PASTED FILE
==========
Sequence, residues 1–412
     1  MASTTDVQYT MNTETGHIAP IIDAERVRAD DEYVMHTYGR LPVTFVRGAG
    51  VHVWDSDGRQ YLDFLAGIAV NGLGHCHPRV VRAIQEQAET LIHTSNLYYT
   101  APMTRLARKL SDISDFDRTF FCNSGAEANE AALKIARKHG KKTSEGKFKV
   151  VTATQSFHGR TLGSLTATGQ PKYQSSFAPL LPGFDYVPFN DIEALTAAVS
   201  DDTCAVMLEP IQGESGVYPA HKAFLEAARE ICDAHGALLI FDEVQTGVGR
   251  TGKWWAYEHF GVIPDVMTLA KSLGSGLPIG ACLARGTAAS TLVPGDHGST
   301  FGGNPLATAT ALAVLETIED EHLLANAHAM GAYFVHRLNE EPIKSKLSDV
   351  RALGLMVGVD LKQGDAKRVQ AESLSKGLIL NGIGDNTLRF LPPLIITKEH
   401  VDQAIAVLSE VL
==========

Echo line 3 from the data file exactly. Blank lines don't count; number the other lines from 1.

    51  VHVWDSDGRQ YLDFLAGIAV NGLGHCHPRV VRAIQEQAET LIHTSNLYYT